Standards-Based Reforms

Nationally and in Ohio, we press for the full suite of standards-based reforms across the academic curriculum and throughout the K–12 system, including (but not limited to) careful implementation of the Common Core standards (CCSS) for English language arts (ELA) and mathematics as well as rigorous, aligned state assessments and forceful accountability mechanisms at every level.

When is a test not a test? Sure, there’s an easy answer—“When it doesn’t send opt-out parents running for their torches and pitchforks”—but that’s not what we’re looking for. Give up? It’s when the test is a “locally driven performance assessment.” An article in Education Week explains the rise of these specially designed student tasks in eight New Hampshire school districts, which have been granted authority by the Education Department to employ them as alternatives to standardized tests. The districts will work with the state and one another to develop Performance Assessment of Competency Education (PACE), a series of individual and group queries that allow students to exhibit mastery over a subject without filling in bubbles. The challenges (which include the design of a forty-five-thousand-cubic-foot water tower to show proficiency in geometry) sound stimulating, and the Granite State’s record in competency-based education is extensive. It’s not hard to see why such an option would be attractive to state and local officials, especially when testing has become roughly as popular there as a leaf-peeping tax. What remains to be seen is whether this approach to assessment captures the same vital data as traditional measures.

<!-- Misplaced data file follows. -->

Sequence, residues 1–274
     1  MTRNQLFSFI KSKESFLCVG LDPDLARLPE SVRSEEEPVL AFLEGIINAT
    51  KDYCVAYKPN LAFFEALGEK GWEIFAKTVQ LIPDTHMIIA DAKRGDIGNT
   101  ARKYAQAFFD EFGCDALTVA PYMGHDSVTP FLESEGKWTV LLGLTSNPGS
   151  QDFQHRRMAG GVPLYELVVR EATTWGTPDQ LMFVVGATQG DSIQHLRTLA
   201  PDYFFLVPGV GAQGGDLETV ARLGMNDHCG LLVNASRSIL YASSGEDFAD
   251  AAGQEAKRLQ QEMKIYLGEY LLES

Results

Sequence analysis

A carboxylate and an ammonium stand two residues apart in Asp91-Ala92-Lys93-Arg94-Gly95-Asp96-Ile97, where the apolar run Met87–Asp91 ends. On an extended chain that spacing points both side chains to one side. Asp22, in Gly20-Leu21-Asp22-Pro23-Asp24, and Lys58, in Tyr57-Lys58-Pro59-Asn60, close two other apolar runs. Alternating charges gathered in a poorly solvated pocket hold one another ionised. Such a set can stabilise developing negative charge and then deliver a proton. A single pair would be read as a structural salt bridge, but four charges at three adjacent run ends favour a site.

Of course, some folks...

A small storm has blown up around the fact that certain math items on the 2015 National Assessment of Educational Progress (NAEP) do not align with what fourth and eighth graders are actually being taught in a few states—mainly places attempting to implement the Common Core State Standards within their schools’ curricula.

NAEP is only administered in grades four, eight, and twelve. So the specific issue is whether the fourth graders who sat for NAEP this spring had a reasonable opportunity to learn the skills, algorithms, techniques—broadly speaking, “the content”—on that test. If their state standards had moved some portion of what used to be fourth-grade math to the fifth or sixth grade, or replaced it with something else entirely, their state’s NAEP scores would likely be lower.

This kind of misalignment is blamed for some of the math declines that NAEP recently reported. Department officials in Maryland, for example, examined the NAEP math sub-scores and determined that many Maryland fourth graders are no longer being taught some of those things before they take the test.

We are left to wonder: Should NAEP frameworks and assessments be updated to reflect what’s in...

Last week, in the wake of President Obama’s pledge to reduce the amount of time students spend taking tests, my colleagues Robert Pondiscio and Michael Petrilli weighed in with dueling stances on the current state of testing and accountability in America’s schools. Both made valid points, but neither got it exactly right, so let me add a few points to the conversation.

Like Robert, I don’t see how we can improve our schools if we don’t know how they’re doing, which means we need the data we get from standardized tests. But I also believe that—because we’re obligated to intervene when kids aren’t getting the education they deserve—some tests must inevitably be “high-stakes.” The only real alternative to this is an unregulated market, which experience suggests is a bad idea.

Must this logic condemn our children to eternal test-preparation purgatory? I hope not, but I confess to some degree of doubt. The challenge is creating an accountability system that doesn't inadvertently encourage gaming or bad teaching. Yet some recent policy shifts seem to have moved us further away from that kind of system.

As Mike noted, the problem of over-testing has been exacerbated in recent years by the...

A new study by the NAEP Validity Studies Panel analyzes the alignment of the assessment’s 2015 Math Items (the actual test questions) for grades four and eight to the math Common Core State Standards (CCSS).